Although the concept of a "smart city" is now more than a decade old, the majority of Brits still don’t know what one is.
This is according to a new report from video management software company Milestone Systems, which recently polled 2,000 adults in the country to gain insight into their understanding of smart cities and their advantages.
Milestone Systems found that less than a fifth (18 percent) of people believe themselves to be “very familiar” with the concept, while a quarter (28 percent) said they think they have a “rough understanding”.
A fifth (20 percent) had never heard the term before, a quarter (25 percent) weren’t sure, and a tenth (10 percent) didn’t know what it meant or found it confusing.
Despite the lack of knowledge and understanding, most people have a positive attitude towards smart city tech. A quarter (24 percent) said they were “very excited” about future smart city developments, while another third (32 percent) considered it a “good thing”. Almost one in eight (13 percent) were actively against further implementation of smart city tech, Milestone Systems found.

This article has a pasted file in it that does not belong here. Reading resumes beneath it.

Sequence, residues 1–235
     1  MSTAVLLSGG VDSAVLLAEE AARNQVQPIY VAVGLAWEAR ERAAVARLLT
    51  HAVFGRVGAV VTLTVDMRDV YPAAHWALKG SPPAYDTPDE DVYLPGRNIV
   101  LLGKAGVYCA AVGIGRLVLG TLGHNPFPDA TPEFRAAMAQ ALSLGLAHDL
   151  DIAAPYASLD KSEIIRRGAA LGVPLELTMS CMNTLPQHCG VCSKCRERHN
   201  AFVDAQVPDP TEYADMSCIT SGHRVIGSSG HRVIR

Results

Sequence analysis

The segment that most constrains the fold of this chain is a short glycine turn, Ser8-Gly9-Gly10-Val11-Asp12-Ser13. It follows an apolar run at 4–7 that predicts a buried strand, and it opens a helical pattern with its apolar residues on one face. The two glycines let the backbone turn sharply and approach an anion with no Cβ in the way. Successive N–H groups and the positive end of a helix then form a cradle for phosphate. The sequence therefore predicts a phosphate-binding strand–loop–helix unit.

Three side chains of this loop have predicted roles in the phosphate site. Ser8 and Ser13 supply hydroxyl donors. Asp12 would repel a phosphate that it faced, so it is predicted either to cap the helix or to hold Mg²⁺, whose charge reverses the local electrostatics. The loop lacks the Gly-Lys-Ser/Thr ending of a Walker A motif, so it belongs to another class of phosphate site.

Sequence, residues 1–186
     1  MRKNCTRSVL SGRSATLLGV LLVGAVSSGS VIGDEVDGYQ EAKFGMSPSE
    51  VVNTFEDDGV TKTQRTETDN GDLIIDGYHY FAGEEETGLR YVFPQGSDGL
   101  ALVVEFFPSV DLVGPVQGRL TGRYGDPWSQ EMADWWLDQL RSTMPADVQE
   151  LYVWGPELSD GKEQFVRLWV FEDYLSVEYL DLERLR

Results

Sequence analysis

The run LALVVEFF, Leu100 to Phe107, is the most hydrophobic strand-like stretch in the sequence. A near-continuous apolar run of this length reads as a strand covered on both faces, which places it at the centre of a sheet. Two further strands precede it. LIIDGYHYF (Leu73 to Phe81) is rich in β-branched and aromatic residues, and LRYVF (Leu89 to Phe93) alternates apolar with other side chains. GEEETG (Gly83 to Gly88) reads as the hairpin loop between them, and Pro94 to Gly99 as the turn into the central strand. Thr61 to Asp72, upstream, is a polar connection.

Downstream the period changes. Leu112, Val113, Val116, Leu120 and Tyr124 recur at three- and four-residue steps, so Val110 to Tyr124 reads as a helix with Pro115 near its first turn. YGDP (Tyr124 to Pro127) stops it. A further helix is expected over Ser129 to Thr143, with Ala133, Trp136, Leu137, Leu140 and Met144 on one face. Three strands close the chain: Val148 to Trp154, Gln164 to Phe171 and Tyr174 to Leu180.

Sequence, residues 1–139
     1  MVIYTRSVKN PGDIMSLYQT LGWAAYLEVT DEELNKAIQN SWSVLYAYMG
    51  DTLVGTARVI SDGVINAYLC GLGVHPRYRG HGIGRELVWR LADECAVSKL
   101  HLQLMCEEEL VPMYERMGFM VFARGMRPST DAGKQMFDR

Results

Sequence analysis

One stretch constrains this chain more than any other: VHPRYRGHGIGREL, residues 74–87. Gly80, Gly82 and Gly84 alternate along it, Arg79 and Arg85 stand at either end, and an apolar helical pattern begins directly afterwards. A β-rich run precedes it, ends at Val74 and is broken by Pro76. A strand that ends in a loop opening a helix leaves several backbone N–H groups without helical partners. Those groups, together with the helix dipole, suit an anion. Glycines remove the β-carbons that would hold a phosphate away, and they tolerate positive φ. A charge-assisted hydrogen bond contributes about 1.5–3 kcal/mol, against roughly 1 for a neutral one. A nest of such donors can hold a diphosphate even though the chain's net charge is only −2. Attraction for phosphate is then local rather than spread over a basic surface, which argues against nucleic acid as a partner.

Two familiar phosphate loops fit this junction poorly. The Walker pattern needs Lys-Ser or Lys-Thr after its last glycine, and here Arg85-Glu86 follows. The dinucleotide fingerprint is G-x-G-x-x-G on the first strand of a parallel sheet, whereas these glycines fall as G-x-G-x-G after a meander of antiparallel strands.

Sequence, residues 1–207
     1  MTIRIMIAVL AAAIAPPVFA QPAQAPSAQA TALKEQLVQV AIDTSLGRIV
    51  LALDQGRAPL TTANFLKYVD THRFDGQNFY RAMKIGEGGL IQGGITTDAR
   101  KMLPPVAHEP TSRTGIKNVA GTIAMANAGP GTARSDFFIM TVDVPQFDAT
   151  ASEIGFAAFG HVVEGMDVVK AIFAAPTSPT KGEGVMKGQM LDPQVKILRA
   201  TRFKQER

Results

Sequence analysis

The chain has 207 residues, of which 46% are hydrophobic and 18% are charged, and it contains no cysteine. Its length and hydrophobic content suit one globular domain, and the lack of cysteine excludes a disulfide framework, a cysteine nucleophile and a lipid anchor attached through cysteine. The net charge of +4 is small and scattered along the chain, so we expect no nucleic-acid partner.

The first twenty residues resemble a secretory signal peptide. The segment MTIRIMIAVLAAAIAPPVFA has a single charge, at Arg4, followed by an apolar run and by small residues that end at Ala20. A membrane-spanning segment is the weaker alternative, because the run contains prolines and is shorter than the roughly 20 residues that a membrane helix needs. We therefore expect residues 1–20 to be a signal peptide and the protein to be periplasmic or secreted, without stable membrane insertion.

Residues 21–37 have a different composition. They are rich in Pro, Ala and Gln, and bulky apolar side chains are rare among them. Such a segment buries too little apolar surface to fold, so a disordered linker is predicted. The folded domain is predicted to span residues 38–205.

Last year, global spending on smart city technology hit $124 billion, with at least 18 cities across the UK already having rolled out this tech.
“While this hasn’t caused any problems yet, we can see from the recent protests against the roll-out of low-traffic neighborhoods that buy-in from the general public is essential to the successful evolution of urban areas,” said Malou Toft, EMEA VP at Milestone Systems.
“Communicating the benefits of smart technology over the coming years will help to maintain the current positive feeling towards smarter cities, and ensure there is no backlash to further digital transformation.”